Analyse the significance during the Three Kingdoms reign in China. The Three Kingdom period consists of the Kingdom of Wei, Kingdom of Shu and Kingdom of Wu. As a single dynasty, the Three Kingdoms Period originated in 220 AD when the Kingdom of Wei replaced the Eastern Han Dynasty which took place in 25 AD-220 AD. The Three Kingdom dynasty ended at 280 AD when the Kingdom of Wu was defeated by the Court of Jin. It is considered to be a special historical period full of power struggles and sophisticated military strategies, which some methods are still used today in modern warfare.
Much can be said to justify their significance during their existence and their affects towards China during their reign. Religion would be one of the factors that contributed in China throughout this period. Buddhism had already arrived in China in the mid of Han Dynasty and brought up of its first congregation in southern China at the court of Prince of Chu. Buddhism was originally introduced in China with the development of the Silk Road when monks travelled with merchants.
There was a need amongst the population for a belief with spiritual meanings. Hence, Buddhism took roots in China during this era. This religion was unique from other religions during the time. This new religion covered all people rich or poor, Chinese or not. Buddhist temples were constructed within the three kingdoms and thus millions of Chinese converted into Buddhism and which affected China greatly. Majority of the population in China were Buddhists. Till this day, Buddhism is recognised greatly.
Architecture found new challenges in the construction of Buddhist pagodas and temples and in the monastery grottoes in the north. The Yungang cave temples are evident that Temples existed and were built during the Three Kingdoms reign. Archaeologist proved that these temples were built during the time because of the unearthed relics found on the site of these temples which dated back to the Three Kingdom period. The economy during the reign of these three kingdoms, chaos caused by war between these countries damaged the economic development of the three kingdoms.
In the late Eastern Han Dynasty, also due to natural disasters, the economy was badly depressed, leading to the massive waste of farmland. Because of the collapse of the imperial court, newly minted coins never made their way into currency. Those worn copper coins were not melted and reminted and many privately minted coins appeared. Due to the collapse of the currency, China officially declared silk cloth and grains as their main currencies in 221 AD. The significance of status was well reflected during the three kingdoms.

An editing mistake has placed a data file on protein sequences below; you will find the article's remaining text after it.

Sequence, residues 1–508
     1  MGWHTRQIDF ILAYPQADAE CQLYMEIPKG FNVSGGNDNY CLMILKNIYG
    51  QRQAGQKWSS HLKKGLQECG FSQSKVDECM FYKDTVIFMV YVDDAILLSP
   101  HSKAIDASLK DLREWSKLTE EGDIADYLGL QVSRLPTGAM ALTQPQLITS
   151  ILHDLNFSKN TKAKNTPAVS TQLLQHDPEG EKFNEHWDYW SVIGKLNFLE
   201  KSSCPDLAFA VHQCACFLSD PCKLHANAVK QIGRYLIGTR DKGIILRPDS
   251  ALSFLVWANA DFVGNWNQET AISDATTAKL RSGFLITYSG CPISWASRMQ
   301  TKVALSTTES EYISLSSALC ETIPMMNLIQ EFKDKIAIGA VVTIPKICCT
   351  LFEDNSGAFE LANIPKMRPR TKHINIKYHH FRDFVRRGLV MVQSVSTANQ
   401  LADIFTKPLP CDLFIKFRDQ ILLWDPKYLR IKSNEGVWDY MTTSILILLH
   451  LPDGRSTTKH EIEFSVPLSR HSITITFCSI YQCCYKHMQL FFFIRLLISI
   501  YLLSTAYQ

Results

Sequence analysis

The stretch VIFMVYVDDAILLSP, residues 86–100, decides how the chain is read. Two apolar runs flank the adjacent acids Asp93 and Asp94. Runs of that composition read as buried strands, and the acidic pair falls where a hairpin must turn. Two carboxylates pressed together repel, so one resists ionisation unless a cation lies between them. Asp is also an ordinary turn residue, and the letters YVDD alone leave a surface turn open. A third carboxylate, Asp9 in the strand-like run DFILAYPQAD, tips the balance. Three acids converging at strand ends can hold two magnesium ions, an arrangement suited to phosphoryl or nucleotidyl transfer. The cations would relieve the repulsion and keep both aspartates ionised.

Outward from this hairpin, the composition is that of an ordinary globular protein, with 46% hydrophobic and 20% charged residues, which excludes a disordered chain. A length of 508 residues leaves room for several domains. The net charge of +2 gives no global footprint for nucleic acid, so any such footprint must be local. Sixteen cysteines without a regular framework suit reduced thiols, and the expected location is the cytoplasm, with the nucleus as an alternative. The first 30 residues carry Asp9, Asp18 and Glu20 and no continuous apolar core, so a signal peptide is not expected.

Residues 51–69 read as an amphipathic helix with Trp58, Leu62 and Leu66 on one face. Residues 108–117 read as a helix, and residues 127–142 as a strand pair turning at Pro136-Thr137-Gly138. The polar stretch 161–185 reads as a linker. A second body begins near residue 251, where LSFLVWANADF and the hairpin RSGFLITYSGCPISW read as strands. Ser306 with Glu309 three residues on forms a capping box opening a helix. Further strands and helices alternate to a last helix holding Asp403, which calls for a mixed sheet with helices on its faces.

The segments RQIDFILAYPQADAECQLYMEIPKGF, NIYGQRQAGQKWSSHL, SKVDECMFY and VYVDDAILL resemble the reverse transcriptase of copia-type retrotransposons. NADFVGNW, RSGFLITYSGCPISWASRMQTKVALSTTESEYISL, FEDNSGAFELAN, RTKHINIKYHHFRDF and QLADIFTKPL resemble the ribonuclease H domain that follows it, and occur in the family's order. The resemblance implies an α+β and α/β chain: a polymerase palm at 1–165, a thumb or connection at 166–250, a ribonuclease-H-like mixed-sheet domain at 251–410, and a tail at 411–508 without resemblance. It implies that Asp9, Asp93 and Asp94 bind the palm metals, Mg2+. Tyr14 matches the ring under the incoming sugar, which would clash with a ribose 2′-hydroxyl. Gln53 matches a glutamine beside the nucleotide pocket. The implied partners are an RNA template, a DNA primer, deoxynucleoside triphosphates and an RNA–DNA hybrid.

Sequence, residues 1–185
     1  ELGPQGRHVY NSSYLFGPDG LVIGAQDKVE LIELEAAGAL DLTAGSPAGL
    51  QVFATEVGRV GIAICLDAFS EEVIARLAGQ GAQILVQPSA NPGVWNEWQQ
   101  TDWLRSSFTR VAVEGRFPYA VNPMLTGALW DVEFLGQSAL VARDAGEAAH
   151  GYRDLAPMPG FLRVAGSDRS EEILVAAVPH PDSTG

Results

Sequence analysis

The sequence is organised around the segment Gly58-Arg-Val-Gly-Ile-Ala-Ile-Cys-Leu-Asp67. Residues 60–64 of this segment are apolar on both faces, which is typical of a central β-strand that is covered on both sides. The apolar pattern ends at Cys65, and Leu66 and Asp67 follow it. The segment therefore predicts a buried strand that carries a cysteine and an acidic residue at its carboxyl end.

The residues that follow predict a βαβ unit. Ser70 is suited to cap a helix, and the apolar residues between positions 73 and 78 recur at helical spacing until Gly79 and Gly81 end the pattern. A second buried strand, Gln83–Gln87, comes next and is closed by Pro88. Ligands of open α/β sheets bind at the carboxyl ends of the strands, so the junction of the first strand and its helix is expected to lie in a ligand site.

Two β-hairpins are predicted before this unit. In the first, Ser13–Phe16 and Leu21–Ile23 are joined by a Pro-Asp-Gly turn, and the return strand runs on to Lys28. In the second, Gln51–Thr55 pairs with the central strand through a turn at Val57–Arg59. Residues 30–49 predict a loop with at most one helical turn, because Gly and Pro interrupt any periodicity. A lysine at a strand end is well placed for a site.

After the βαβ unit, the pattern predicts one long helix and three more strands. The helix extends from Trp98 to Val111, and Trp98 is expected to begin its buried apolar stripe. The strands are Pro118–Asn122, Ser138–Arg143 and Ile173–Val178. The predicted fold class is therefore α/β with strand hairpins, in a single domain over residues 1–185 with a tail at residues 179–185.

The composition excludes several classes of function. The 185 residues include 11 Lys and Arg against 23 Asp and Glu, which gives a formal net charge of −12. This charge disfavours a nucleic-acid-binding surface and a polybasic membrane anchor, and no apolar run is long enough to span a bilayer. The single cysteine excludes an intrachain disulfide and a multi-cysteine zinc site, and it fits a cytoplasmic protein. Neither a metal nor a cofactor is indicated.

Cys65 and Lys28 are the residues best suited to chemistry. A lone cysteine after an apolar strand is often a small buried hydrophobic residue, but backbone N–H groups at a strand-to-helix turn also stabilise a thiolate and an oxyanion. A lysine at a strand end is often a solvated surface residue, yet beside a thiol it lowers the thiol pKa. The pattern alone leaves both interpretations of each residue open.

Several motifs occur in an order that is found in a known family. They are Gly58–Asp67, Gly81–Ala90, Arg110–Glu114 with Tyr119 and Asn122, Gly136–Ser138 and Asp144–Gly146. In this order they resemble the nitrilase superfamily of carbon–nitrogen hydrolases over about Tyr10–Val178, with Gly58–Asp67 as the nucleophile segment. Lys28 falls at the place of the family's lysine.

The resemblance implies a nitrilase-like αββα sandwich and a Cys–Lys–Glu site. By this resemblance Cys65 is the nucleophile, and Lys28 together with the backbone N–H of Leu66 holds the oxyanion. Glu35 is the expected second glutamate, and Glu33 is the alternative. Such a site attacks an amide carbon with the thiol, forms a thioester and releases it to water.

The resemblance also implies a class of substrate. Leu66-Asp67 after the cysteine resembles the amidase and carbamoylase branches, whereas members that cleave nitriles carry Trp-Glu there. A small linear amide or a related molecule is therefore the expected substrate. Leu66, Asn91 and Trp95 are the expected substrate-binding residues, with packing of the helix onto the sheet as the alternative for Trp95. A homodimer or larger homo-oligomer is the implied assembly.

Status affected China greatly in the Southern Kingdom. They established a civil service system based on social ranks to determine the value of a person to contribute to the prosperity of the Wei. However, this system failed since the social status of a person and family affiliations would be unfair for those with a higher status, as they are more advantaged to those who are in a lower class than them, such as commoners and slaves. Aristocrats would marry only within their social rank or higher and gained large estates and financial wealth.
Thus categorizing Chinese civilians into socio status in either rich or poor. Nobles were given high salaries and were excluded from paying taxes. However, because these rich families can afford education, literature, painting, poetry and culture, these practices became popular which helped their economy rise. The northern Kingdom improved Chinese culture and introduced strict reforms which strengthened the Chinese empire. The emperor of China had many officials and advisors which adapted a unifying Chinese style for clothes and accessories, interior designs, landscaping and even cuisine.